Chad: What makes your hero tick? What makes them interesting to you?

Steven Spellman: Different things make my heroes tick depending on the nature of the story they’re in but there is always serious conflict involved and since they are the hero they eventually find their higher resolution but never without war and the wounds that come with it. What makes my heroes interesting to me is the same thing that makes brutally honest autobiographies interesting to me; their wounding maturation from who they are to who they’re supposed to be.

Chad: And we all love a villain. Well, at least I do. Tell me something about the villain that will make me like, or understand them, better.

Steven Spellman: My villains are potential heroes that folded beneath the pressure of their realities. I love villains too and the best villains are like the best heroes; they have stories. When I think of great villains I think of Hannibal Lecter, or Heath Ledger’s Joker, or something along those lines. I like them not because they’re bad but for the reason that they’re bad. They have goals that are just as intense as the heroes, just different executions. Jeffrey Dahmer claimed in an interview that he ate his victims (according to him he thought of them as lovers) because he wanted to keep them with him forever. He didn’t ever want to be separated from them. Isn’t that what marriage promises—till death do us part? Same goal, different execution.

Chad: Can you remember the very first story you ever wrote? Do you ever consider improving on it now that some time has passed?

Steven Spellman: I began writing stories shortly after elementary school. I kept them in an old fashioned notebook that I never shared with anyone. Oddly enough, I don’t remember any of those stories but the first story I do remember was a coming of age project that was very dear to me. Unfortunately, the laptop that I had it on at the time was stolen and I lost about 45,000 words of that unfinished story. I have written another full novel that was basically a better iteration of that story but I still don’t think it’s good enough to present to the world. For this particular story I think I still have about another decade of maturing to go through before I’m ready to pen my masterpiece.

Chad: How do you think writing has changed overall since you were a child?

Steven Spellman: Simple. Literally. My writing has simplified a great deal and for the greater good, no doubt. When I first started writing I wrote only for myself and I think those stories were good but when I aspired to become a professional writer I began to write what I thought would sell. Very bad idea, at least in my case. My stories during that phase had good bones but the writing was too strained, too inauthentic to convey much. It was great though because the experience helped me to resist the tendency to write what I thought someone wanted to hear. My job as a writer is to introduce you to something you want to read, maybe even as a pleasant surprise to yourself, because if you knew everything you wanted to read you would’ve already written it yourself. I think writing in general has followed those same lines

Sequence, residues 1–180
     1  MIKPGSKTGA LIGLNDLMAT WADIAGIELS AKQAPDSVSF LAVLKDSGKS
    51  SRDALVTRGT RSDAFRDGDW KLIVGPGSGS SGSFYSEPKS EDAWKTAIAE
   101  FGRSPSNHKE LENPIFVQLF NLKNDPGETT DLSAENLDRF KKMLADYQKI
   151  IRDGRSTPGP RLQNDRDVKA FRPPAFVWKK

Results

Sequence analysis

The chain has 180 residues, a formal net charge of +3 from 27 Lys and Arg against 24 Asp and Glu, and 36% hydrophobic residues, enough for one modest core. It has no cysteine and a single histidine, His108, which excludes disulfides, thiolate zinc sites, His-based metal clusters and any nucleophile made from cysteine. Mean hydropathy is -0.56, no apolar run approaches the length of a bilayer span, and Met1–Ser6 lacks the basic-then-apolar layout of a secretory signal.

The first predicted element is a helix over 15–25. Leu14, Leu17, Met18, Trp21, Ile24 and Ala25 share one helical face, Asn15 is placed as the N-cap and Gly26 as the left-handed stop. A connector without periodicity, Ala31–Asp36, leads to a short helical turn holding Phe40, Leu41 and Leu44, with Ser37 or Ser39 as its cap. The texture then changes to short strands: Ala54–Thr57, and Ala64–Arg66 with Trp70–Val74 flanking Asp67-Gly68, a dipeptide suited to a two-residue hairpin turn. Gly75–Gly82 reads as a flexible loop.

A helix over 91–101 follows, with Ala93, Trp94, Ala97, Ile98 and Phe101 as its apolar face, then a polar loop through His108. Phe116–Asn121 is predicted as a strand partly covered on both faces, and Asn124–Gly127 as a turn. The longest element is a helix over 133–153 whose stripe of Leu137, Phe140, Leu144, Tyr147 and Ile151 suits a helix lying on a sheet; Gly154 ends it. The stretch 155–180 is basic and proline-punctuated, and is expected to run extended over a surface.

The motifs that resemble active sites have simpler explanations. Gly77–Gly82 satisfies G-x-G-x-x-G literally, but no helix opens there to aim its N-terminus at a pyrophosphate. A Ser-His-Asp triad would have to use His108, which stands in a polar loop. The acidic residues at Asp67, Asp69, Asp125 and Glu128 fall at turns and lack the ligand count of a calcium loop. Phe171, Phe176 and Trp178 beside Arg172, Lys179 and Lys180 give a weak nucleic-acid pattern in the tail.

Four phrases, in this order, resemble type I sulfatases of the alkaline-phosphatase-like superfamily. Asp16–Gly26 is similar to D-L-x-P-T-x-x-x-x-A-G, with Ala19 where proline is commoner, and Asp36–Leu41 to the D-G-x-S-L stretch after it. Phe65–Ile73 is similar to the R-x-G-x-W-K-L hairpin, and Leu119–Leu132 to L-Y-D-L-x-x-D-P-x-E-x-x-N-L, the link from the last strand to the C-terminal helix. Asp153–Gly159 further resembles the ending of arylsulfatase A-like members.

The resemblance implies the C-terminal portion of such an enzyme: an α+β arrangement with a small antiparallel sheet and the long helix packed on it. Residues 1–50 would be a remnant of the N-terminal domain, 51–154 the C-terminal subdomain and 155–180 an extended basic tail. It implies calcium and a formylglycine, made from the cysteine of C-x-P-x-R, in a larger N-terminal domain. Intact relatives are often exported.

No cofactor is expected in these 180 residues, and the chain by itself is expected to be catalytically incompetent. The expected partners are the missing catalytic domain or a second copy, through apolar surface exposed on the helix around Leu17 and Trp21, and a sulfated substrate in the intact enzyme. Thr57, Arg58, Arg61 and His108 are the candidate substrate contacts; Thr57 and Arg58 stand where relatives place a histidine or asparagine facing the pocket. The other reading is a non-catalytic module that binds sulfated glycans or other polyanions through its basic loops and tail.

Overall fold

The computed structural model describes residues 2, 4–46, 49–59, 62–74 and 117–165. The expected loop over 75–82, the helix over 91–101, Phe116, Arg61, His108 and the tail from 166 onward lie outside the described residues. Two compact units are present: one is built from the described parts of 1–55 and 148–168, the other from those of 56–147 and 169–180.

Chad: Do you feel like it’s easier to be published, or perhaps harder?

Steven Spellman: It took me about three years to get published initially and I haven’t had a problem getting published since then, but then, I quit my job to pursue this career. If I had had to juggle a job and a family and try to navigate the rigors of fiction writing as well I’m sure it would’ve taken much much longer. I’m not sure if getting published is harder than it has been at any other time, but I can say that I’m sure it’s not easy in any case unless you know someone who knows someone.

Chad: So, we all have times when our imaginary friends won’t talk to us (writer’s block). How do you deal with it if you are susceptible?

Steven Spellman: Thankfully, I’ve never experienced writer’s block. Not yet, anyway, is my disclaimer. Now, I have experienced many times where what my gift is giving me is subpar or just not really where I want to go with a project but my gift is like me; it always has something to say; it just might not be anything worth saying.

Chad: What is the lesson you have learned about writing that you wish you knew starting out?

Steven Spellman: That’s simple to answer as well. I can sum it up in a quote from Thomas Edison, “Genius is one percent inspiration, ninety nine percent perspiration.” I learned that good writing is overwhelmingly more about work ethic, learning from painfully consistent failure what not to do, than raw talent. That’s why it’s called raw talent. It has to be processed heavily if it’s going to be put to any real use. If I had known that starting out I wouldn’t have been so frustrated when success didn’t come right away … or soon thereafter.

Chad: What is your next project? Do you have any ideas?

Steven Spellman: I have two projects that are finished that I still have to edit and send to one of my publishers and I’ve already talked about the special project I’m working on now, so my next project after that is still a mystery but I can say that it probably won’t be horror or science fiction. My last perhaps half a dozen projects have been horror or science fiction and I feel like I need to clean my pallet before I return to form. I can tell you this, though. My gift will have something to say about it. I can only hope that it’s worth saying …

Steven, your interview was interesting and I learned a lot about you. Thank you for appearing!


Steven’s website is available here!

While his Facebook page is available here!